Trump-Mueller investigation: What is happening with the probes into the president’s Russia ties?

Republican facing criminal investigations in both Washington and New York

Saturday 22 December 2018 12:20 GMT
Donald Trump will sit down with Robert Mueller 'only over my dead body' says Rudy Giuliani

Donald Trump may have hoped for a quiet Christmas after another tumultuous year in the White House.

Yet the US government has been forced into a state of partial shutdown after Mr Trump insisted he would not sign a spending bill without $5 billion for the border wall. The president also faces criticism from Republicans over his decision to pull US troops from Syria and the recent resignation of Defence Secretary Jim Mattis.

Most crucially of all for Mr Trump, the investigation by special counsel Robert Mueller and related criminal probes show no sign of easing up.

What are the investigations all about?

Mr Trump is facing criminal investigations in both Washington and New York. The special counsel is looking into whether the Trump campaign coordinated with Russia and whether the president obstructed the investigation.

The president also plays a central role in a separate case in New York, where prosecutors have implicated him in a crime. They say Mr Trump directed his personal lawyer Michael Cohen to make illegal hush money payments to two women as a way to quash potential sex scandals during the campaign.

Where does the Mueller probe stand now?

The president’s pick for attorney general, William Barr, sent an unsolicited memo to the Justice Department this year criticising parts of the Mueller probe as “fatally misconceived”.

The 20-page memo, sent in June while Mr Barr was in private practice and months before he was selected by Mr Trump for the Justice Department job, may prompt questions about his ability to oversee the special counsel’s investigation fairly.

The document argues that there could be disastrous consequences for the Justice Department and the presidency if Mr Mueller were to conclude that acts a president is legally permitted to take –such as firing an FBI director – could constitute obstruction of justice, just because someone concludes that there was corrupt intent.

Did the Trump campaign collude with Russia?

There is no smoking gun when it comes to the question of Russia collusion. But the evidence so far shows a broad range of Trump associates had Russia-related contacts during the 2016 presidential campaign and transition period, and that several lied about the communication.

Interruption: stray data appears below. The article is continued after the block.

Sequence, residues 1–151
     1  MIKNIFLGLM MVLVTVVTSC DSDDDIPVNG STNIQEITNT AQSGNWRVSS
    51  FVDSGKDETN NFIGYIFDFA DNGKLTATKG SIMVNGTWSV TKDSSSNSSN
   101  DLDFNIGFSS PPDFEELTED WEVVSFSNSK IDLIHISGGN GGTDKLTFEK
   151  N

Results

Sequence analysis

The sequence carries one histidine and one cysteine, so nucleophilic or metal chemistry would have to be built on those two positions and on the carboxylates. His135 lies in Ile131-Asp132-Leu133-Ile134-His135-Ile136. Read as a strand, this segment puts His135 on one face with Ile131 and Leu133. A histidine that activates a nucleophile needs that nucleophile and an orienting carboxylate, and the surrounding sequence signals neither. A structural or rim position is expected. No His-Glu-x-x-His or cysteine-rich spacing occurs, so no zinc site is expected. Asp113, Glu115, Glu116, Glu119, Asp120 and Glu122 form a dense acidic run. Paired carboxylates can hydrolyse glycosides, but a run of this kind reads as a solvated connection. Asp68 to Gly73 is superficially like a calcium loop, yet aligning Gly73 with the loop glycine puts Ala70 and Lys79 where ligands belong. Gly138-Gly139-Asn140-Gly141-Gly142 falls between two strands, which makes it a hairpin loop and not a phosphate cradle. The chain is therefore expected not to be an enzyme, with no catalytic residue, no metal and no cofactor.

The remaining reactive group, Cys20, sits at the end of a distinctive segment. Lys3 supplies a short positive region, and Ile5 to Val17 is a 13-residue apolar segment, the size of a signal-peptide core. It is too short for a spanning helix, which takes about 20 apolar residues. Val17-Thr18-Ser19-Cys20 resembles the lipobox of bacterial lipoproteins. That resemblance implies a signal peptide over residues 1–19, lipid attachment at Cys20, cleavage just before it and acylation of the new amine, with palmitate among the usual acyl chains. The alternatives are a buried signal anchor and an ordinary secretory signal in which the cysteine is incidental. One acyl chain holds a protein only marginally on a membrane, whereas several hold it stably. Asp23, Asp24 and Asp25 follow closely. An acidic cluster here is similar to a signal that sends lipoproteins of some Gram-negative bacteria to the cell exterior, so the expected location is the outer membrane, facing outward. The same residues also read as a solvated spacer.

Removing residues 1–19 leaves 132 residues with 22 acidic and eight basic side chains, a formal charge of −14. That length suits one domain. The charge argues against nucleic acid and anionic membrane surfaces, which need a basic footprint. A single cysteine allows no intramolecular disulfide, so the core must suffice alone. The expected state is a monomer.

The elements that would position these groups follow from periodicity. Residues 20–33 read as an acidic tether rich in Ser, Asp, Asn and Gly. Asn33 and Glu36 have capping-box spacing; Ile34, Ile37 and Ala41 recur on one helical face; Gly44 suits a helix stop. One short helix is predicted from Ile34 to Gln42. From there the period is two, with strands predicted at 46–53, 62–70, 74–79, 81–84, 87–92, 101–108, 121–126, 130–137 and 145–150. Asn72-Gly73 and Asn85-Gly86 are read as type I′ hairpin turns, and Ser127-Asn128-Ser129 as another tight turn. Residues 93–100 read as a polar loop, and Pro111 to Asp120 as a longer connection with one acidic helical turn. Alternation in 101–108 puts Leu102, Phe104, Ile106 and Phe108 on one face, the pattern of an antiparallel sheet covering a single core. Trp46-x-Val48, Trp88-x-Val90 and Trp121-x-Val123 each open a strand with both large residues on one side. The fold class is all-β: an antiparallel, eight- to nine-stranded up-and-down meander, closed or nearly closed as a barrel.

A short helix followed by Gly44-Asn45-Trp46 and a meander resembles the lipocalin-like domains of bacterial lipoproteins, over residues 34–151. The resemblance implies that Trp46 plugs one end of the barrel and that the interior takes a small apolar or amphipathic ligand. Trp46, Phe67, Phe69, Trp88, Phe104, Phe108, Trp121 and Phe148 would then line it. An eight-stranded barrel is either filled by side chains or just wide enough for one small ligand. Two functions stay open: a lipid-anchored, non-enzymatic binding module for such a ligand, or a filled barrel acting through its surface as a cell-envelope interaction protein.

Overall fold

There is also evidence that some people in the president’s orbit were discussing a possible email dump from WikiLeaks before it occurred. American intelligence agencies and Mr Mueller have said Russia was the source of hacked material released by WikiLeaks during the campaign that was damaging to Clinton’s presidential effort.

What about the possible obstruction of justice?

That is another unresolved question that Mr Mueller is pursuing. Investigators have examined key episodes such as Mr Trump’s firing of former FBI Director James Comey and his fury over the recusal from the investigation of former Attorney General Jeff Sessions.

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What does Mr Trump have to say about all this?

The president has repeatedly slammed the Mueller probe as a “witch hunt” and insisted there was “NO COLLUSION” with Russia. He also says his now-former lawyer, Cohen, lied to get a lighter sentence in New York.

Mr Trump has reportedly become increasingly worried about the prospect of being impeached in recent days, despite his public declarations.

“It’s hard to impeach somebody who hasn’t done anything wrong and who’s created the greatest economy in the history of our country,” Mr Trump told Reuters earlier this month. “I’m not concerned, no. I think that the people would revolt if that happened.”

Associated Press

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